But America is not the only country in the world. . . . China is a country that’s growing very fast, a country that is determined to use this idea of merit to advance its own interests. If we have a world in which China is harnessing the meritocratic idea to reinforce the power of the Communist Party, the communist state, and America at the same time is dismantling meritocracy or softening meritocracy, if you have these two things going on at the same time, America loses. China becomes a massive version of Singapore. America becomes, I don’t know, a version of Brazil or something like that, and you lose. They win.
*The original version of this sentence left out “white” in front of the concluding portion “if they had been treated as white non-ALDCs”
The Long Read
⚠ Technological stagnation and the Zero-Risk Society
As bits of Peter Thiel-ian wisdom go, “Big plans for the future have become archaic curiosities” isn’t nearly as catchy as “We wanted flying cars, instead we got 140 characters.” But it’s the former saying of the billionaire venture capitalist that makes it into the 2020 paper “Are ‘Flows of Ideas and ‘Research Productivity in secular decline?” by Peter Cauwels and Didier Sornette at ETH Zurich. Thiel himself is mentioned multiple times. Indeed, the paper serves as a sort of empirical proof of Thiel’s stagnation thesis that modern society lacks bold, high-risk discovery and invention.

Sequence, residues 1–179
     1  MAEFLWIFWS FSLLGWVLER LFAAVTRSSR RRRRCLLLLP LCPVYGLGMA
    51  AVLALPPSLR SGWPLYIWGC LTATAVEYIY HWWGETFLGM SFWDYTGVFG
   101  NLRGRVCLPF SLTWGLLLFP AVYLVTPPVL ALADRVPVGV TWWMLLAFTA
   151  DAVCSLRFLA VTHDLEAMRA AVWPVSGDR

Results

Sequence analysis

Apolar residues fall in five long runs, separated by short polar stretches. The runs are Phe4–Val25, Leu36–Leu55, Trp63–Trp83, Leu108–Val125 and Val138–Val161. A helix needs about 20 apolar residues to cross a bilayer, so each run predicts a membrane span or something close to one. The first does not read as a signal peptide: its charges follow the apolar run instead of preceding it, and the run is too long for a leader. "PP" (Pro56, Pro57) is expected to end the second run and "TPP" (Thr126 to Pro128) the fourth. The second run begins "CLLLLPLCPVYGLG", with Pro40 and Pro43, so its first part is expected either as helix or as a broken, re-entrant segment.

Of course, one could cite common statistical measures, including total factor productivity and longevity, as evidence that the pace of technological progress has slowed. Or how about a regression in the speed of air travel? It takes just as long to fly from LA to New York or to London as it did 40 years ago.